The evidence on record offers an answer to the issue here.  The 1st plaintiff/respondent swore that there was no rendering of account.  [See page 42 lines 14-16 of the record of appeal.]   In cross-examination, the 6th plaintiff/respondent underscored the point of non-accounting on oath. [see page 62 of the record of appeal].

            Above all, in the evidence offered by one Obeng, the treasurer of the appellant Kejetia Traders Association, it was abundantly demonstrated that no proper account was rendered for the over 1 [one] billion cedis collected from the plaintiffs/respondents among other traders.  The witness intimated that he rendered the account to the chairman of the association who was dead as of the time of his testimony.  [See pages 93 to 107 of the record of appeal].  The witnesses also intimated that he surrendered the books he kept to the deceased chairman.  Besides, the duplicates of receipts that he had in his custody had been destroyed by floods.

            On the basis of the evidence foregoing, the judge could not have come to a better conclusion than ‘that there was no proper accounting by’ the appellant to the respondents.  The 5th ground must therefore fail too.  It is therefore dismissed as usual.

            The 6th plaintiff/respondent swore in the Court below to her having been trading at Kejetia since 1964:  she operated a pharmacy shop.  She also swore that she contributed [¢12.05 million] twelve million five hundred thousand cedis to the Kejetia project.  The payment was made to the treasurer of the appellant Association or company.

            The witness produced receipts in support of her claim –Exhibit E.1 and E.2 on record.  The foregoing evidence satisfied the court below with regard to the witness’s claim of membership of the Kejetia Traders Association, registered as a company

            The conclusion by the Court that the 6th plaintiff/respondent was an accredited member of the appellant Association was well –informed and well founded.  The learned judge’s holding that the 6th plaintiff/respondent was a member of the Kejetia Traders’

Association was faultless.

            The 3rd ground set out above must also fail.  It is accordingly dismissed too.

In the result, the entire appeal is found unsustainable.  It is therefore disallowed.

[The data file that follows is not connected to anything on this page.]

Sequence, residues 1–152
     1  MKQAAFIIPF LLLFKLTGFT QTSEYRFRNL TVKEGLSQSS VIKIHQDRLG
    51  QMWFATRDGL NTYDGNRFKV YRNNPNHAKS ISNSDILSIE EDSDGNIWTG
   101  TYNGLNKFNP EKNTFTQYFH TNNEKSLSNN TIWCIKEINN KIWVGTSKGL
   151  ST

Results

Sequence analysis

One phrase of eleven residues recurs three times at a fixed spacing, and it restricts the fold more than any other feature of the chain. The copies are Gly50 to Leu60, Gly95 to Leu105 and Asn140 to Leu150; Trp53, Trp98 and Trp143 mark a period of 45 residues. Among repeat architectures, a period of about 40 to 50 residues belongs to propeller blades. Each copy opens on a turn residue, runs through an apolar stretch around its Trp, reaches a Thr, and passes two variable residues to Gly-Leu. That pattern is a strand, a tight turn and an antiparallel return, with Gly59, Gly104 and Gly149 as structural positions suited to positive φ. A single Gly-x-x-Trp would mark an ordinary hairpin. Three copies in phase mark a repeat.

JUSTICE OF APPEAL







AKAMBA, J.A.: -   I have had the privilege of a preview of the judgment read by my brother Tweneboa-Kodua and I entirely agree with the reasons and the conclusions arrived at.  I fully endorse same as I have nothing useful to contribute.  Accordingly I also affirm the decision of the High court and dismiss the appeal.




                                                                                    J. B. AKAMBA

                                                                                    JUSTICE OF APPEAL









OMARI-SASU, J.A.: -   I have seen the decision of my two brethren concerning this appeal by the 2nd appellant in which the judgment of the trial High Court at Kumasi dated 25th October, 2002 is affirmed and the appeal is dismissed in its entirety.

            On my part, however, I am of the view that the judgment of the court of first instance and the majority decision do not provide substantial justice in the matter having regard to the law applicable to the case.

            I accordingly venture on my lonely voyage as follows:



The ten plaintiffs sued the two defendants jointly and severally because they claim they were made to pay various sums of money towards the pre-financing of the reconstruction  of market stores/stalls in Kumasi and that the second Defendants received these moneys and used them but after the construction of the said market stores/stalls the plaintiffs were ignored in the allocation.